It varies, but I would not say it starts with that at all, although it is definitely an aspect of it; being aware of how your work could be viewed is very important. My images/ideas are sometimes made over time from assembling various aspects of information that go into an image (perspective, composition, color palette, mood etc), eventually culminating into a final idea, and sometimes they come to me fully formed, but this is super rare. I pull from inspirations/external stimuli a lot as well; I’ve noticed that I often will look at an artwork and for a split second think the piece is something very different than what it actually is, and after looking more closely I’ll be disappointed that the piece isn’t what I originally thought it was, and then use what I thought was in the image as more inspiration for pieces as well. I’ve never purposely tried to practice this, but I think even from my few experiences where this has happened that it would be an interesting exercise to learn about the way you (as a viewer) process imagery as well and what biases/associations you may or may not be bringing along with you to the experience of looking at art.


You have said that you create from a “certain perspective”, would you feel that something would be greatly missed if you weren’t creating in the context you do?


I don’t know specifically what you’re referring to, although if I had to guess I’d have to say it’s more of a literal perspective in the sense that I often like to make images from a distance and from high above the scene, in somewhat of a 3rd person type of way. I like the way it distances the viewer from the subject(s) in the image and presents an almost omniscient kind of perspective, it feels very artificial and strange at times but I really like it. When I don’t use this kind of perspective I often just shoot at normal vantage points or very close to subjects, it really relies on the specific image each time, so it’s hard to say if something would inherently be missing if I didn’t.


What’s your relationship with the color black?


I used to shoot a lot with color, but lately, I use black a lot in my images (along with grays/neutral palettes in general) to create more neutral atmospheres that are “colder” in a sense than an atmosphere with life/color infused into it. A lot of my images are pretty bleak or broody, and having mostly grays and blacks elevates this subtly along with the actual physical elements in an image other than the colors, or rather lack of.

Your self-portraits, the way they are created - are you highlighting a certain chaos that you still find yourself in?

I might address certain topics or themes that I do think about fairly often in my free time in my work, but I do not use myself in the images to specifically highlight these ideas. I often don’t show faces in my images to avoid having them be the unintended focal point, but more so for the body to act as something for people to project the idea of personhood onto, like a blank slate of a person instead of an individual person. I also enjoy being directly involved in an image instead of only being behind the camera, so making self-portraits or at least using my body in an image instead of someone else’s is one way I do this.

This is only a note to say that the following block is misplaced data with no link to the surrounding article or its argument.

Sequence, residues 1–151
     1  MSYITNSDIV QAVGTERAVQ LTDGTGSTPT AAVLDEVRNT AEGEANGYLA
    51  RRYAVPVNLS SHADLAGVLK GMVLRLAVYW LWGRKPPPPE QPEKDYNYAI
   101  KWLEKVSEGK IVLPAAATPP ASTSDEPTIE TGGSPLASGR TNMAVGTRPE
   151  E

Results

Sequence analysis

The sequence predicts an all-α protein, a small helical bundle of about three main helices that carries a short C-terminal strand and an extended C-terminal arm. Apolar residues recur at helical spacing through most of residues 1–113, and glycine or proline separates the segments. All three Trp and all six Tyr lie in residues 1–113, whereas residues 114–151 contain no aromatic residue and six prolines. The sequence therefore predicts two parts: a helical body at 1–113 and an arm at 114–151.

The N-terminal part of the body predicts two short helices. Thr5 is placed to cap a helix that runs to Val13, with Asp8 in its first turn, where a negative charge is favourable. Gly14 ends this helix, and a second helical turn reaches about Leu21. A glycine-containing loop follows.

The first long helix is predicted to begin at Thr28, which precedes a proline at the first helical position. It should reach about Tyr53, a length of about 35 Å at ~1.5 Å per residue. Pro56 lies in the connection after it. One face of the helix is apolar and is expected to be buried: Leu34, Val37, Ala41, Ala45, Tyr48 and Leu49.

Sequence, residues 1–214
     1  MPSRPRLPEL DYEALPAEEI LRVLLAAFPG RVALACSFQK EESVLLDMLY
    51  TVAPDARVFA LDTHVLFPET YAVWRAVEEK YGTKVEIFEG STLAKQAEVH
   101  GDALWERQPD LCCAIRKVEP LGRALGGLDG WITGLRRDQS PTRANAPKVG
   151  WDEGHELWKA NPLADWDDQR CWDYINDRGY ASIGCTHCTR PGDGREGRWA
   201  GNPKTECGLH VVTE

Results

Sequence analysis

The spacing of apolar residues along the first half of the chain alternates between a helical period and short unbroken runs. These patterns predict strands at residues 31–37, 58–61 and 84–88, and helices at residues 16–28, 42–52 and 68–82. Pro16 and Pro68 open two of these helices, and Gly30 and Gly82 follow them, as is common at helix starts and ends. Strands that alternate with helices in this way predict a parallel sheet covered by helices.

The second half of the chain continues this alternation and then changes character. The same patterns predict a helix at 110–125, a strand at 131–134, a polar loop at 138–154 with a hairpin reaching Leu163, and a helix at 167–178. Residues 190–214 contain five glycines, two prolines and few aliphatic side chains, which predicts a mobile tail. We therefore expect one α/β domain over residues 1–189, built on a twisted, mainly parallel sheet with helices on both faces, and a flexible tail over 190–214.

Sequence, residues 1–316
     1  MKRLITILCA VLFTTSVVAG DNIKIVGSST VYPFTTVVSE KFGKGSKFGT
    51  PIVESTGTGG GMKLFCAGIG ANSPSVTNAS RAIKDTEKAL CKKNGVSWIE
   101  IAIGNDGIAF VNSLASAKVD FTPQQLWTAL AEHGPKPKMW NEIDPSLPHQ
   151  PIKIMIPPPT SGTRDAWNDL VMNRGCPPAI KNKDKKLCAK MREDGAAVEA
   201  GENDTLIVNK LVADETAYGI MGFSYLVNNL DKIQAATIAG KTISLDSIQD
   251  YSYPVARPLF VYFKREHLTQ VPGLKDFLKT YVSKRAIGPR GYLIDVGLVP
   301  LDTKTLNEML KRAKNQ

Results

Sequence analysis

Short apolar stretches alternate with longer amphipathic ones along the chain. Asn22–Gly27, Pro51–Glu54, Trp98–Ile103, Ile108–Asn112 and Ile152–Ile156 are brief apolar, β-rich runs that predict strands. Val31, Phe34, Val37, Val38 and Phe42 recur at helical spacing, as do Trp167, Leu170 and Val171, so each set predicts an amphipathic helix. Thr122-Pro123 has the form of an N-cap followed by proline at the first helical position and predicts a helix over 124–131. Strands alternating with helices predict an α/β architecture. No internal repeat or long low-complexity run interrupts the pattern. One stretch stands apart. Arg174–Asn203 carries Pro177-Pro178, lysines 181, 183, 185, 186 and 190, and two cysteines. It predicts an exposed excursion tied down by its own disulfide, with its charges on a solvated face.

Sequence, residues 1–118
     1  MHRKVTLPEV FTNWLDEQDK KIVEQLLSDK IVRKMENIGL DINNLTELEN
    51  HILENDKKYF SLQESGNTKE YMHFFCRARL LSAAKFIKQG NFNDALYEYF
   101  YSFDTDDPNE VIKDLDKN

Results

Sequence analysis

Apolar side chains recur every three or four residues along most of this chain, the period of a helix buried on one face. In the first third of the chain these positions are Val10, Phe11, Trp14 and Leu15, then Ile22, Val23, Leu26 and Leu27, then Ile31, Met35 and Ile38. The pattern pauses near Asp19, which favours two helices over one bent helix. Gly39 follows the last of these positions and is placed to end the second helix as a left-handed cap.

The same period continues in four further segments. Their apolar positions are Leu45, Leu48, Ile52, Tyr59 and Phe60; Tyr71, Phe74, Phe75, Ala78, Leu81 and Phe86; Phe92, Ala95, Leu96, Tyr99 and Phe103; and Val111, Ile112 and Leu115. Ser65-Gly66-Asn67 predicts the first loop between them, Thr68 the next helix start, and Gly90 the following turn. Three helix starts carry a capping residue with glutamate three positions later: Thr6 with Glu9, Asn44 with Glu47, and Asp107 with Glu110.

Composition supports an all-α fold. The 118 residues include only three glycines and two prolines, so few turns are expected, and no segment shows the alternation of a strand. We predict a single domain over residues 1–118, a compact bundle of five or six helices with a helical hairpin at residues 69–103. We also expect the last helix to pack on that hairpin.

You are also producing music by yourself, what kind of stories do you want to tell with your songs? What’s your process of producing a track?


I’ve been writing/playing music longer than taking photos/making visual art really, I always had music around me growing up (my parents are both musicians) so it kind of came naturally to me, but I’ve only really started taking it more seriously as of late. I’m still really new to writing vocal/lyrical parts (and singing them), I definitely struggle with this the most, but for the most part, I typically project thoughts of mine or thoughts of a character/another person that I’ll write from the perspective of as lyric ideas. I’m a very doubtful person and self-conscious about a lot of things so instead of trying to write in a very artificial/fake way about things I don’t experience or understand, I often use my own experiences or thoughts. Each track comes about in different ways really, it depends on what best suits the track. Sometimes I’ll have a beat sequenced that I will write chords over, and then add instrument melodies and vocal melodies, then sometimes I start with a vocal idea and build around that; it depends on what strikes first and what sticks as a solid foundation worth writing additional material around.


Lastly, what would you suggest to an inspiring artist? 


If someone is just starting out in any art practice, I’d recommend taking it seriously if it’s something you’re passionate about. I’d also suggest trying to create as consistently as possible; doing your best to be consistent is the best way to make new work and the more new work you make the odds of you making something better increase quite a bit.


Interview with Sean Mundy